Don’t be a spoil sport. Even if you have no known relatives or none you want to know, you can invite all the fake aunts and cousins — or hook up to another group and be one of the almost relatives in someone else’s clan. Anyone for whom you feel even the vaguest familial attachment will suffice.

On this special day of days, water is as thick as blood!

DECLARING INDEPENDENCE – A TIMELINE

Today is America’s Independence Day. It celebrates the announcement of the Declaration of Independence, our formal statement to King George and Great Britain that we no longer were willing to retain our status as colonies.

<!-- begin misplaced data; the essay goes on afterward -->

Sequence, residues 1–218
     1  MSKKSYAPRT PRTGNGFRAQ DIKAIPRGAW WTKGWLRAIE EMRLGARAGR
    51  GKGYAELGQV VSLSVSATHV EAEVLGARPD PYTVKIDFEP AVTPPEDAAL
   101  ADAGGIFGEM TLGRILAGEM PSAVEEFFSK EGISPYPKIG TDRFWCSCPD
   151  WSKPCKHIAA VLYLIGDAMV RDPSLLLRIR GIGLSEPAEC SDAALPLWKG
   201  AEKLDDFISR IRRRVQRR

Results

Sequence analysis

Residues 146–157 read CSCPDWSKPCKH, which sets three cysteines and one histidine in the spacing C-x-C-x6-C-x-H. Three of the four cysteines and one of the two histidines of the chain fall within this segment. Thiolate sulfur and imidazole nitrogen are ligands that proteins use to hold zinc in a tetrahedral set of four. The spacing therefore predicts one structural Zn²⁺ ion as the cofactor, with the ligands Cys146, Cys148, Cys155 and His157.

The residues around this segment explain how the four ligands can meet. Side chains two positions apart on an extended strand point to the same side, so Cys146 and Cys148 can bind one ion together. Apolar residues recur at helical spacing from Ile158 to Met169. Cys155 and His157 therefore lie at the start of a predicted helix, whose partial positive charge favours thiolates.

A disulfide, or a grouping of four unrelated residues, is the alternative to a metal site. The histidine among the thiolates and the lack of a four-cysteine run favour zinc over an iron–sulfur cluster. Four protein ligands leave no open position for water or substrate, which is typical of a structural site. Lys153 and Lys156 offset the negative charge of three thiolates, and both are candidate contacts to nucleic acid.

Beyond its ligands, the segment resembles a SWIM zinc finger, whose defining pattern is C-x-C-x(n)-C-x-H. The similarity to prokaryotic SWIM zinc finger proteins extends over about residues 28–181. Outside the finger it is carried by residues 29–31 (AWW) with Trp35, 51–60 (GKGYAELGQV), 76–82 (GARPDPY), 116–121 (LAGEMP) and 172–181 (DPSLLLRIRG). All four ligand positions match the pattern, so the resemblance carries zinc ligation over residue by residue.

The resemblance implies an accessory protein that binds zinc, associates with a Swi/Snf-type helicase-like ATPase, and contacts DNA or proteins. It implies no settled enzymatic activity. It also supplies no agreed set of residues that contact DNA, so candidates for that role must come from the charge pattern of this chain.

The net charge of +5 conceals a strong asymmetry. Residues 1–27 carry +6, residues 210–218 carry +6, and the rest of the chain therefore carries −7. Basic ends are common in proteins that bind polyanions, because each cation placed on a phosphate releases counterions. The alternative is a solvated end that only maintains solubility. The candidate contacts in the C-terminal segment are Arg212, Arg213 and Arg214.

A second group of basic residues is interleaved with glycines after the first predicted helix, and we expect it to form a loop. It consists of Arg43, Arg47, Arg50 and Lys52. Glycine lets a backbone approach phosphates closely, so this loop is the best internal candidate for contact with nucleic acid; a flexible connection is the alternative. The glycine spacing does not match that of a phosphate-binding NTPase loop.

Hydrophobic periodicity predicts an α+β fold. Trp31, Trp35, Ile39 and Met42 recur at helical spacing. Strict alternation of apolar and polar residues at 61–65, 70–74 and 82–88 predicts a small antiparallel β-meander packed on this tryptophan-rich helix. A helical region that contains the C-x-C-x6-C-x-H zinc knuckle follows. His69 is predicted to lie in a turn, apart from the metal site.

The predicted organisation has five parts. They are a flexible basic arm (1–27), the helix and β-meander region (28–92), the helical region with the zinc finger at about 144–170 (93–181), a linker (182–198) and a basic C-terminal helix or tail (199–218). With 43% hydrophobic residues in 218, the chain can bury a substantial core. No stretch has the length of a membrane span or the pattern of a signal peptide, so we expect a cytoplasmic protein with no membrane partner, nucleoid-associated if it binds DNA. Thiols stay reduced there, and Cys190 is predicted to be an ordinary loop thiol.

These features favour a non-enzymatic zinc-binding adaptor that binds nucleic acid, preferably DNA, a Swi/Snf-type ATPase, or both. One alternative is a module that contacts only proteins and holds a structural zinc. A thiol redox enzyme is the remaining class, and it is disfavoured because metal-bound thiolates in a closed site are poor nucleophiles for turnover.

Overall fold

declaration_independence

There’s more than a little confusion about which event happened when regarding the Declaration of Independence, so here’s an historical timeline, Not everyone agrees on this precise timeline, but it’s close enough for a general consensus.

JULY 2, 1776: John Adams, a leader for independence, gets the delegates to the first Continental Congress to unanimously ratify the Declaration of Independence. Thomas Jefferson had written the draft document as there was general agreement that Jefferson was the best writer of the group.

JULY 4, 1776: The Declaration of Independence is signed. Thus July 4th became the U.S.’s official independence day, although John Adams argued it should be July 2nd, the day the document was ratified (rather than the 4th on which it was signed). But Adams argued about everything.